DebateFest 2012: The Lumineers, Nathaniel Rateliff, Zach Heckendorf at DU (photos, review, video)By John Hendrickson and John Wenzel | October 3rd, 2012 | No Comments »
It was a tailgate without a football game, a keg party without a keg.
An estimated 5,000 University of Denver students, faculty and select others spent a lazy afternoon roaming Carnegie Green for “DebateFest” in the hours before the first presidential debate a few blocks north.
The decidedly sober college party of food trucks, free swag and top-notch local rock bands was loaned political legitimacy by the 50 tents pitching “serious” issues — women’s rights, immigration – from the corner of the green.
Michael Tsiolis, a 19-year-old DU marketing major, stood in front of University Hall watching Chris Matthews broadcast a live edition of MSNBC’s “Hardball.” He held a large “FIRE OBAMA” sign in one hand and a pro-choice cardboard fan in the other.
“I collect the signs,” Tsiolis said, adding that he falls more on the Libertarian side than anything else. “It’s a party.”
The hot dog-eating contest (hey, it’s college, man), sponsored by DU favorite Mustard’s Last Stand, proved a popular — if head-scratching — draw. Where was the presidential debate going on, again?
“I’ve seen a lot of different perspectives today,” said 17-year-old Grandview High School student Morgan English, attending the event as part of DU’s preps leadership program. “But it hasn’t changed my mind about anything.”
Recent Cherry Creek High School grad Zach Heckendorf kicked off the afternoon with a set of breezy pop-folk, serenading the seated, scattered crowd just before 4 p.m.
Heckendorf strayed from overtly political messages during his set, though hinted at partisanship in an interview immediately after receiving a backstage handshake from Gov. John Hickenlooper.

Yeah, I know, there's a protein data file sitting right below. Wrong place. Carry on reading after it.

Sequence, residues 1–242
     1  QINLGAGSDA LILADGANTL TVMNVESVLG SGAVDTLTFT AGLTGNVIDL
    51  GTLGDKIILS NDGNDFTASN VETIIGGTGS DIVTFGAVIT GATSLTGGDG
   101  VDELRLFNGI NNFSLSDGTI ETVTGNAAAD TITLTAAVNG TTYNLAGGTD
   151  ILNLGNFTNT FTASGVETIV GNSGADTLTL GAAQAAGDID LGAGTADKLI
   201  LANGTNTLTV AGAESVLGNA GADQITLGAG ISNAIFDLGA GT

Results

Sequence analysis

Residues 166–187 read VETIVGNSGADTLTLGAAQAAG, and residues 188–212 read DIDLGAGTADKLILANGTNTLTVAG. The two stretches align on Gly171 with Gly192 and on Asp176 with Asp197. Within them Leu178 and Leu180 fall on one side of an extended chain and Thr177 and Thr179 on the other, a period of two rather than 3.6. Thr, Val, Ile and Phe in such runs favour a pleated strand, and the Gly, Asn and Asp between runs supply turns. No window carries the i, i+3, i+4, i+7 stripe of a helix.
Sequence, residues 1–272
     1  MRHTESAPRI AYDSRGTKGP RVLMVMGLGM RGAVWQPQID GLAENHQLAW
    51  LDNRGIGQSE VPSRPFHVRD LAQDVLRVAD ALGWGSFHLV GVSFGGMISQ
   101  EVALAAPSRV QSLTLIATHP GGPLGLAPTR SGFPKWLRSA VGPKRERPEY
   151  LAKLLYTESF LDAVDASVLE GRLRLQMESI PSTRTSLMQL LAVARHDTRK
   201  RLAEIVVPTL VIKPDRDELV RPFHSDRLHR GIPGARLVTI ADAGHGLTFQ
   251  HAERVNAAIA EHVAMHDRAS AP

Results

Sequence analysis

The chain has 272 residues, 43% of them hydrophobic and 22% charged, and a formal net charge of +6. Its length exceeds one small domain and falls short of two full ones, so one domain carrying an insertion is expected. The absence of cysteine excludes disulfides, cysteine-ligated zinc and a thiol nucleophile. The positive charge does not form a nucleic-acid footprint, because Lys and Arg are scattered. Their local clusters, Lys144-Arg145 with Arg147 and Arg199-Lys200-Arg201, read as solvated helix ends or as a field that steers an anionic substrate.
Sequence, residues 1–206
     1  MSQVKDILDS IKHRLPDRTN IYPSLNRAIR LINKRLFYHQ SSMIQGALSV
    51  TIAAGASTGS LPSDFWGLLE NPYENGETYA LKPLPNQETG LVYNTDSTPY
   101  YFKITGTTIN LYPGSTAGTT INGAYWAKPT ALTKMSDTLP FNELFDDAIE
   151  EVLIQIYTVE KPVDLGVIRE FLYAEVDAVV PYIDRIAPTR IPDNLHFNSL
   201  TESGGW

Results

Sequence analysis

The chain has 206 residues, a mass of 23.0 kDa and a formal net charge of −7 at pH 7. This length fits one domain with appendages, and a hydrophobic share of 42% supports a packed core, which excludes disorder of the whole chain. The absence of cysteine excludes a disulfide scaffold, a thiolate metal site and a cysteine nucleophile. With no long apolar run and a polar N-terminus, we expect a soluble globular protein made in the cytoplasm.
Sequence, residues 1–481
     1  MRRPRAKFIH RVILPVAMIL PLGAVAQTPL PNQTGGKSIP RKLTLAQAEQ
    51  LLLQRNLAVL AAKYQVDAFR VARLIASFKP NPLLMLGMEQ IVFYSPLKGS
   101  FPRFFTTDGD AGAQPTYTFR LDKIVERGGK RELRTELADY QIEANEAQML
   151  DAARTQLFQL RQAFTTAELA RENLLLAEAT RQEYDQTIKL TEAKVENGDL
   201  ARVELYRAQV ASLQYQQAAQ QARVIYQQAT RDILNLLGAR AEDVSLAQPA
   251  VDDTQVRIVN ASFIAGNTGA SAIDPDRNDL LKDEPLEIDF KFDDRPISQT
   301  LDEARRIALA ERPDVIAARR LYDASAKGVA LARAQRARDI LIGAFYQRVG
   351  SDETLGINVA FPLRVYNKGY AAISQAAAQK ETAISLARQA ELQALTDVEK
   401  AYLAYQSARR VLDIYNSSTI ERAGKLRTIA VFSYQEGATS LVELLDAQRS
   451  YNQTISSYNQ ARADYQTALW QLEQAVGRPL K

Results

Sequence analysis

“I am voting,” Heckendorf said. “I’m not going to say who for, but you can guess who a 19-year-old musician would vote for, and you’d probably be right.”
Denver Mayor Michael Hancock, seated comfortably on a bale of hay toward the back of the crowd, noted that DebateFest was smartly capitalizing on the massive publicity bump that DU — and Denver in general — was receiving from the first of the 2012 presidential debates.
“I feel this campus bursting with excitement,” he said. “All 50 million people seeing these events today have been seeing DU in the background.”
Governor Hickenlooper boasted that the whole world’s eyes were on Denver, and he seemed to relish comparing the city’s music scene to a cross between Austin, Nashville and Memphis before Denver (and Hick) favorite Nathaniel Rateliff took the stage.
Rateliff’s performance, which probably increased the credibility of the whole event, lacked the pop accessibility of Heckendorf and the Lumineers later on.
The headlining set by the Lumineers closed DebateFest during the 5 o’clock hour, when the indie-folk group delivered an energetic finale to a rapturous crowd. Crowd favorites “Submarines” and “Ho Hey” were instant sing-alongs, and a fitting cover of Bob Dylan’s “Subterranean Homesick Blues” wound down the day with a decidedly Western feel.
“You don’t need a weatherman to know which way the wind blows,” Lumineers frontman Wesley Schultz sang, a breeze whipping at his back, as if on cue, a sea of carefree co-eds grooving before him.
Seth McConnell is a member of YourHub at The Denver Post and a new contributor to Reverb.